Teaching a section on visual analysis, I found that first year students responded to this photo (first asked to visually analyze the doctored photo, and then showing the original without the African-American student). The section in the Student's Guide to First Year Writing set up the discussion well by analyzing one of UA's own marketing pictures, but the reality of how we are visually manipulated became more clear when students saw the Wisconsin example.

Students seemed to be left with a 'if we can't trust the university, who can we trust?' Which is always a nice way to get students to re-evaluate/re-visit assumptions.

Sunday, October 11, 2009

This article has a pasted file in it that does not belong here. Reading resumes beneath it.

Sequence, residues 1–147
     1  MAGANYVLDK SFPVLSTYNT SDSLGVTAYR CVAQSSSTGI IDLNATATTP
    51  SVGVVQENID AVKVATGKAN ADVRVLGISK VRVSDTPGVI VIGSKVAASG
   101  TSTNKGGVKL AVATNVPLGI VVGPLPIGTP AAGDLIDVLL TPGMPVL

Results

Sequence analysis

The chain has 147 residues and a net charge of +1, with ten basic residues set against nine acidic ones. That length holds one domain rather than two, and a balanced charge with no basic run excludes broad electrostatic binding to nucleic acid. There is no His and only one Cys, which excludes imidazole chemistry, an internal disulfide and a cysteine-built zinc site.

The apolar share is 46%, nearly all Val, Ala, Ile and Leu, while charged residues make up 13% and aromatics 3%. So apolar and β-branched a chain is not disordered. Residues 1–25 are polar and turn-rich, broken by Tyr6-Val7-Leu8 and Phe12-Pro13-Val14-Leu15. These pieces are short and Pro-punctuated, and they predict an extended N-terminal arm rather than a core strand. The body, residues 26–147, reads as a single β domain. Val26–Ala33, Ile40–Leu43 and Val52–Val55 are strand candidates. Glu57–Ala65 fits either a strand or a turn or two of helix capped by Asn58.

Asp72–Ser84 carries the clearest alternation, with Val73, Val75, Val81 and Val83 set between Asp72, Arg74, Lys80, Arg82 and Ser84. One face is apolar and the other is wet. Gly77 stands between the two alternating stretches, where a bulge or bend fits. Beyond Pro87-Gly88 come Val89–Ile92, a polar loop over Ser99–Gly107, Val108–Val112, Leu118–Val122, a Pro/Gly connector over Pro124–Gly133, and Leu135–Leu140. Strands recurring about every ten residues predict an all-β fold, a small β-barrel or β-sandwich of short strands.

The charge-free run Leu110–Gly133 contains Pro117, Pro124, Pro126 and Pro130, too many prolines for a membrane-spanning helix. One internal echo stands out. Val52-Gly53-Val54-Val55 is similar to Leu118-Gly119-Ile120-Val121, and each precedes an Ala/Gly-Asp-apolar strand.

Multiculturalism in Classroom


School of Fish in a Big Pond?

So I'm definitely mixing metaphors, but a couple months back Stanley Fish wrote "What Should Colleges Teach?", a multiple part piece, in which Fish argues that multicultural politics shouldn't be included in classroom curriculum. For those who remember Fish's name from Intro to Lit Theory courses, you'll remember he's the expressionist, reader-response proponent who a lot of people tend to boil down to a 'whatever the piece makes you think about, write on that.'
Save the World on Your Own Time

Just as that's not exactly Fish's philosophy, to say that he has no points to be made in his Times piece would ignore some of the aspects of writing and teaching grammar in context that some of my grad colleagues have admitted to omitting. Fish warns about putting a political agenda ahead of the teaching of good writing fundamentals--but all of you know this--we all use student examples to demonstrate how grammar sometimes works and doesn't.
ALT DIS: Alternative Discourses and the Academy